Asia-Pacific reaches demographic milestone as world population hits 7 billion
Asia and the Pacific is undergoing major demographic transformation, according to United Nations statistical data released here today.
“At some point this month, October 2011, a child will be born and the world’s population will have reached seven billion. There is a good chance that this birth will take place in our region, home to 61% of the World’s population,” said Dr. Noeleen Heyzer, Under-Secretary General of the United Nations and Executive Secretary of the Economic and Social Commission for Asia and the Pacific (ESCAP) at the launch of ESCAP’s flagship statistics publication. “If the child is born in the Asia-Pacific region, it will most likely be a boy.”
Estimates in the Statistical Yearbook for Asia and the Pacific 2011 show that in 2010, among children below the age of five, there were 110 boys for every 100 girls which is much higher than the natural sex ratio, and higher than any other region of the world.
East and North-East Asia has the highest ratio of 119, followed by South and South-West Asia with a ratio of 108.
“Prevailing family structures, culture, policy incentives and the available technology combine to make parents in some countries prefer boys over girls and act on that preference,” added Dr. Heyzer. “This is an alarming trend that reflects existing social practices of gender discrimination and neglect, and has serious consequences for the demographics of the future.” Gender inequalities in the Asia-Pacific region are also evident in education, employment, property ownership and decision-making. Women account for 65 per cent of the 518 million illiterate people in the region, and only eight girls are enrolled in secondary school for every ten boys. Female participation in the labour force in the region has remained unchanged for almost 20 years with 65 employed women per 100 employed men. Women have very limited access to land ownership in at least eight Asia-Pacific countries. In all but two countries in the region, women hold less than 30 per cent of national level political positions.
The report also reveals for the first time in recorded history, the Asia-Pacific fertility rate was equal to the replacement rate of 2.1 (live births per woman). Replacement level fertility means that women give birth to the exact number of babies that would be needed to replace themselves. This means that this generation is not producing enough children to replace itself which will lead to reductions in population in the future.
ESCAP estimates published in its online database along with the Yearbook also project the regional fertility rate to drop below the replacement level by 2015, if current trends continue. Thus, without immigration, the next generation of people in Asia and the Pacific will be fewer in number, implying a decline in the region’s population in future.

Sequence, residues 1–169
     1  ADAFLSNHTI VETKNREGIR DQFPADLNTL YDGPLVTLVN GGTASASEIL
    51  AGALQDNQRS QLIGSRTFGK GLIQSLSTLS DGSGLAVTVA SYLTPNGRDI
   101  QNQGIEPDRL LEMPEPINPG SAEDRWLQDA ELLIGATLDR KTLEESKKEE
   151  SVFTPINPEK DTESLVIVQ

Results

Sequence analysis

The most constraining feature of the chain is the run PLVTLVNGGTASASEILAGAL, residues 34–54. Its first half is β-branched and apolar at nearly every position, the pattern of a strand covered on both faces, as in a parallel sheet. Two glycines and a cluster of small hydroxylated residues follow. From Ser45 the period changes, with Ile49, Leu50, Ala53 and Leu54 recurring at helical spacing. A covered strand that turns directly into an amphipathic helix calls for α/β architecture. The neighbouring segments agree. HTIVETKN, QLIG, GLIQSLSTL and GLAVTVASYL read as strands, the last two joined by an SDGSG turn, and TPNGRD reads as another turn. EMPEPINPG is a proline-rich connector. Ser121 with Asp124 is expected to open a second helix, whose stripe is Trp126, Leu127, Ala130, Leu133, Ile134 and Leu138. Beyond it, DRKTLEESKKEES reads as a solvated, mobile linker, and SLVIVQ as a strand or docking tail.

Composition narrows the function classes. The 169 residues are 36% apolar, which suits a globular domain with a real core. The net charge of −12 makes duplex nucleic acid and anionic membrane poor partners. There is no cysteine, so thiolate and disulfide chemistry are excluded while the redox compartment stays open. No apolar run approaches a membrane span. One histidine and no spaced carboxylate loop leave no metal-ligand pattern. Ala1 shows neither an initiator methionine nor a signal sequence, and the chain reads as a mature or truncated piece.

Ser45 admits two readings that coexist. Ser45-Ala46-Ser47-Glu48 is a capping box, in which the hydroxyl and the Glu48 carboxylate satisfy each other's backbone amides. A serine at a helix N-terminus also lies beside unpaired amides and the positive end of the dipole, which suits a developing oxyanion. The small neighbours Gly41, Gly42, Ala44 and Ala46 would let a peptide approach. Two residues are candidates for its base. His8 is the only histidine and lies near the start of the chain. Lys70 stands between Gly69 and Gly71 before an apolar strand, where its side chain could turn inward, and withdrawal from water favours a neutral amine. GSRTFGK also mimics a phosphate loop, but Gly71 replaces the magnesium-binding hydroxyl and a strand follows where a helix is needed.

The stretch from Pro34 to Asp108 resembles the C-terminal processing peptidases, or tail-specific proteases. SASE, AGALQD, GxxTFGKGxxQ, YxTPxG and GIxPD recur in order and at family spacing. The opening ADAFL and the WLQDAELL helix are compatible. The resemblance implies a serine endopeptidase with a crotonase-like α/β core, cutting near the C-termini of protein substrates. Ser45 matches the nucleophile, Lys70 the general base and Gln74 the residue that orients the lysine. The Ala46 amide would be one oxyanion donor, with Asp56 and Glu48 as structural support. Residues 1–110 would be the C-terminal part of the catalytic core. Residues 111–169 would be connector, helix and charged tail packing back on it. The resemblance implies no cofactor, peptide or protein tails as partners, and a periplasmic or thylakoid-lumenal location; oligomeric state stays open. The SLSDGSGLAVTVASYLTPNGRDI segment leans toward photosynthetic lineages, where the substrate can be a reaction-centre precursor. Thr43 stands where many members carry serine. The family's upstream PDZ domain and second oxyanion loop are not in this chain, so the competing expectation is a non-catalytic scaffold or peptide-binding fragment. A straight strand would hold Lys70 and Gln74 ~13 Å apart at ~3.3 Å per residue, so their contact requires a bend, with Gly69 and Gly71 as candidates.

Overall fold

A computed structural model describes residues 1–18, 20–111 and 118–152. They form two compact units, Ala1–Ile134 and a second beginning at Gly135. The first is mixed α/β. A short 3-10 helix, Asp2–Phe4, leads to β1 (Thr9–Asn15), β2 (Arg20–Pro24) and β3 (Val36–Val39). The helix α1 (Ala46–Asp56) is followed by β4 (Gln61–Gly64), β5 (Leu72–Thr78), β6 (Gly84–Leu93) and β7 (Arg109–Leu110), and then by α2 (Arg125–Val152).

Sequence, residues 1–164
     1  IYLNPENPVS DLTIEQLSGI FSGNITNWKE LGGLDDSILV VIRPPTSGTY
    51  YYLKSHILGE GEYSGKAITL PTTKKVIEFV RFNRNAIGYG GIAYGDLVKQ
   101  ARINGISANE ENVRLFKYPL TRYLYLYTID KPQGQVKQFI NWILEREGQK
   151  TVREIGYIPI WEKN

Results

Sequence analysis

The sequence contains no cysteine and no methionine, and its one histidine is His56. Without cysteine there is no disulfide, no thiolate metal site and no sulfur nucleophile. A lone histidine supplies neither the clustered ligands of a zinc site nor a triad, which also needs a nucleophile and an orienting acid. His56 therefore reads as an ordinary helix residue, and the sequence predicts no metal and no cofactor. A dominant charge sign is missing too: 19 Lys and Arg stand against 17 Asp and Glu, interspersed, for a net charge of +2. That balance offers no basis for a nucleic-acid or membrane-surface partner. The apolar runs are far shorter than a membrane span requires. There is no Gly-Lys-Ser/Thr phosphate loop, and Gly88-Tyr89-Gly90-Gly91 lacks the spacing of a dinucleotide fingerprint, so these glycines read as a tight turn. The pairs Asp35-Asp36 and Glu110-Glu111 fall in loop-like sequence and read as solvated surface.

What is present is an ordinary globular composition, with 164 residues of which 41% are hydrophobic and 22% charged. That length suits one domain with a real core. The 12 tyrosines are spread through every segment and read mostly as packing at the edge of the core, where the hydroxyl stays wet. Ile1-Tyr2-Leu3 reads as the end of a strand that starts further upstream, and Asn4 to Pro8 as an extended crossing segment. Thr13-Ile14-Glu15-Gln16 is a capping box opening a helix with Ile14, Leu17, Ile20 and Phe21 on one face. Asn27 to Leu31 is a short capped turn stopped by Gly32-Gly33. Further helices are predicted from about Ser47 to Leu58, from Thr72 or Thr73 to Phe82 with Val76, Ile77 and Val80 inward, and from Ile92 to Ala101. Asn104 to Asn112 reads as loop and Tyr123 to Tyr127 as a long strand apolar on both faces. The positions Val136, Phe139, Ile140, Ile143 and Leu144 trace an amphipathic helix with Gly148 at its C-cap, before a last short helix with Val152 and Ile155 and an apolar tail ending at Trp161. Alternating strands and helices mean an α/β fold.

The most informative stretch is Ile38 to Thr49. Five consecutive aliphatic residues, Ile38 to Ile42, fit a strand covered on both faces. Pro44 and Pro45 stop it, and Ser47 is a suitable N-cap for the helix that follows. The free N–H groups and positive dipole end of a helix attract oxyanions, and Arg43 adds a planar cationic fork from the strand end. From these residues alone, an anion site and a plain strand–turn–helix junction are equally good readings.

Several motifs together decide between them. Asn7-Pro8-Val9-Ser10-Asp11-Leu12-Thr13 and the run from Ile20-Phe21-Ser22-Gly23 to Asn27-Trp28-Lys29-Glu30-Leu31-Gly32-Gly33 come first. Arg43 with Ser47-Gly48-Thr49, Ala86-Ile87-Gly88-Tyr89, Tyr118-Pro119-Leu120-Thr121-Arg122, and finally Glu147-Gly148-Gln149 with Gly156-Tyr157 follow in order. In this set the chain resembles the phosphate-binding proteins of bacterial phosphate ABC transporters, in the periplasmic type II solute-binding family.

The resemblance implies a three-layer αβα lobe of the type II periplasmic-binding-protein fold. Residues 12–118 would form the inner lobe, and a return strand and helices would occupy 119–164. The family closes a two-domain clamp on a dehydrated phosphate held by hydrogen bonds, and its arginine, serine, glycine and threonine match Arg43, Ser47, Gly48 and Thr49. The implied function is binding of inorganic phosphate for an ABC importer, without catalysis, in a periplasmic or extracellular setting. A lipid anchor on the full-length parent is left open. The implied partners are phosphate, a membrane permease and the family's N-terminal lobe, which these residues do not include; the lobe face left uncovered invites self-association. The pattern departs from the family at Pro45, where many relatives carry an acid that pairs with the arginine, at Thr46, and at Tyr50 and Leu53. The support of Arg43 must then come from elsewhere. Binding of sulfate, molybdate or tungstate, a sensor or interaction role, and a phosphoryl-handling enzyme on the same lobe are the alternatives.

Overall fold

The low Asia-Pacific birth rate, together with increased life expectancies, also mean a greying population with a 34 per cent increase in the proportion of elderly in the last two decades, a more drastic increase than all other regions except Latin America and the Caribbean. An ageing population changes the relative burden on different generations and has implications for social welfare demands, including healthcare.
Social development gains; dynamic economic growth comes at environmental cost
While the Asia-Pacific region has recorded high economic growth over the last few decades, this has had adverse environmental impacts. According to ESCAP estimates in the Yearbook, despite reductions in the carbon intensiveness of production, in 2008, Asia-Pacific countries accounted for almost half the world’s CO2 emissions compared to 40 per cent a decade ago. The proportion of primary forests in the region over this period has declined by more than 10 per cent.
There have been improvements in health and living conditions in the region, including a reduction in extreme poverty, increased access to water and sanitation, a decrease in maternal and child mortality as well as a decline in new infections of HIV, tuberculosis and malaria. Socio-economic progress, however, has been mixed. The Yearbook notes that “total expenditure on health as a percentage of GDP in the region declined in recent years (in contrast to all other regions) demonstrating that per capita [health] expenditure in the region has not kept pace with economic growth”.
The Yearbook cautions that due to a lack of relevant, reliable and timely data, many drivers and consequences of development are still not well understood. ESCAP is working with countries in the region to address these gaps in statistics to improve the evidence-basis for public policy making.
The Statistical Yearbook for Asia and the Pacific 2011 and a database are available from http://www.unescap.org/stat. The ESCAP online database and Yearbook contain internationally comparable data on population, environment, state of the economy and connectivity for the Asia-Pacific region, including national, subregional, regional and global statistics, to place Asia-Pacific developments in the global context.
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